The French Company remained in existence for a period of 130 years. Compare this to 274 years for the English Company and 197 years for the Vereenigde Oostindische Compagnie (VOC) or the Dutch Company. The English Company was founded in 1600, saw a merger of the Old and New Companies in 1708, and was liquidated in 1874 by the East India Stock Dividend Redemption Act (it was abolished earlier in India, in 1858). The Dutch Company was established in 1602 and liquidated in 1799, already having been nationalised in 1796 after the financially disastrous (for the Dutch) Fourth Anglo–Dutch War that lasted from 1780 to 1784 in Europe.

The French Failure

There were many reasons for the French Company’s short shelf-life. The chief cause was, as is well known, inadequate capital. Plagued by a chronic shortage of funds in India, the French Company was marked by infighting among its factors and the shortsightedness of its superiors in France. These negative factors reverberated at Pondicherry, the company’s headquarters in India (and also the centre of Agmon’s scandal) and at Chandernagore in Bengal, which became the most important French settlement in the 18th century.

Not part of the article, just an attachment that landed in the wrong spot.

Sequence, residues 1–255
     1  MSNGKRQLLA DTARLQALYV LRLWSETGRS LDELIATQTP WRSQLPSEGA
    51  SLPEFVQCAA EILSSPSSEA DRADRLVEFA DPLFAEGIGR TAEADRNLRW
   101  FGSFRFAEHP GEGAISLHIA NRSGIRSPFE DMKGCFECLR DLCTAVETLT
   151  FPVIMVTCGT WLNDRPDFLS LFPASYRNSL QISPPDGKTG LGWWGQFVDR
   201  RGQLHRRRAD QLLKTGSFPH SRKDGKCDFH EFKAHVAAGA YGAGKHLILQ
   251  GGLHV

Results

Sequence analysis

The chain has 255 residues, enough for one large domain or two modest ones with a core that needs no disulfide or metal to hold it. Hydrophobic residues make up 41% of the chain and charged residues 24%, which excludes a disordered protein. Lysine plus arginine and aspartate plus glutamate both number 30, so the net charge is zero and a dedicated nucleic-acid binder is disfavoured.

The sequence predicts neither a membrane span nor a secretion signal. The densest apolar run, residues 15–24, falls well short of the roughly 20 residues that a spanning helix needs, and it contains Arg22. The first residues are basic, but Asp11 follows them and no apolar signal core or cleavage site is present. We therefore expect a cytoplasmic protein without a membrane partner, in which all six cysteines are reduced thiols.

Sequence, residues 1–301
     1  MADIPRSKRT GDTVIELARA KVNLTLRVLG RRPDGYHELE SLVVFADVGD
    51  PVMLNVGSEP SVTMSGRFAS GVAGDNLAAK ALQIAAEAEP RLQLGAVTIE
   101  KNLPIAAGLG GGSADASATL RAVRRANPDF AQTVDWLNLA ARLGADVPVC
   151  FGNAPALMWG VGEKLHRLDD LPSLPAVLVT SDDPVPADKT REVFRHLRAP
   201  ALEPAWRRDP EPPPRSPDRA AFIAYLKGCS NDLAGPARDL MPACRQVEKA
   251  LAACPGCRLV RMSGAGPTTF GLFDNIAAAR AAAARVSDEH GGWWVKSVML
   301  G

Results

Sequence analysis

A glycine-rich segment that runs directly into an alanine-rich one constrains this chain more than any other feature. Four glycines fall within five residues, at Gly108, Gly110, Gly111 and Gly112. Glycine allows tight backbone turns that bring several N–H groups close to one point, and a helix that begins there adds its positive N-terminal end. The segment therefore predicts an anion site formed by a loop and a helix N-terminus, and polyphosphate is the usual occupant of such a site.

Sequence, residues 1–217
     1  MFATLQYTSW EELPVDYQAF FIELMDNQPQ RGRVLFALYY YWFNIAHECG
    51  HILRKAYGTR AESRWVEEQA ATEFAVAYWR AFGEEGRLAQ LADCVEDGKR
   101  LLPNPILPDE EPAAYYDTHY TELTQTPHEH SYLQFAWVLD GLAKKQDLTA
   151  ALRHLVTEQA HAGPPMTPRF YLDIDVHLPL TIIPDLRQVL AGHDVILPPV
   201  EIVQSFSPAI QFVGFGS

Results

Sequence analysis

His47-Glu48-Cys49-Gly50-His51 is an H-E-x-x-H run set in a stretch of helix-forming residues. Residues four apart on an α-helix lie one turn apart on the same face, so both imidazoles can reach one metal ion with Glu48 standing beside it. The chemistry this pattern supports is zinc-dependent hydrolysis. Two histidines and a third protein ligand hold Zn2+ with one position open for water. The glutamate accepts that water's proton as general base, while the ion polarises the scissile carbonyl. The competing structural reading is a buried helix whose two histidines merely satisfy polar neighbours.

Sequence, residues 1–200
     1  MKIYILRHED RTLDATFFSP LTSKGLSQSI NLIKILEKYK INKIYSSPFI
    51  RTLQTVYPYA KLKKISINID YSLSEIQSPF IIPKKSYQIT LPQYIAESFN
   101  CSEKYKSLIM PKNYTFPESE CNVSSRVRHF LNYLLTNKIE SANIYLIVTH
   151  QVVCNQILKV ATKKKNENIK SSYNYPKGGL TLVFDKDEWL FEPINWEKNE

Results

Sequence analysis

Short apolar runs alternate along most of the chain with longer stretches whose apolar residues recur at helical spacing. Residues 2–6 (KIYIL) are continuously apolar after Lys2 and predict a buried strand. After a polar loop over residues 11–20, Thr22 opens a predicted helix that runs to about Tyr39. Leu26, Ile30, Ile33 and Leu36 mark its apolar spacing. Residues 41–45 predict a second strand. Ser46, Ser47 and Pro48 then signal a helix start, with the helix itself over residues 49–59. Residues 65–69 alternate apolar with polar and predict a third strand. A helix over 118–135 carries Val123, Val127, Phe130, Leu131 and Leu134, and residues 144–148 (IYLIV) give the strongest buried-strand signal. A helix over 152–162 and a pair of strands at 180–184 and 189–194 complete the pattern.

The varying fortunes and the shifting centres of the French Company—Rouen, St Malo, Paris, Nantes, Brest and Lorient—also impacted on the company’s fate in India. The English and Dutch companies operated from single metropolitan bases—London and Amsterdam respectively—although the Dutch Company was in fact a combination of commercial organisations in the various cities of Holland and Zeeland. The two companies were also much less bureaucratic in nature as compared to the French Company, which had to depend on official permission from France before taking any action on the ground in India and elsewhere. Due to their centralised and less rule-bound nature, the English and Dutch companies moved as a single and uniform bloc when dealing with Indian polities and commercial rivals. This was in marked contrast to the fractious French Company’s affairs and was yet another, major reason for the French failure in India.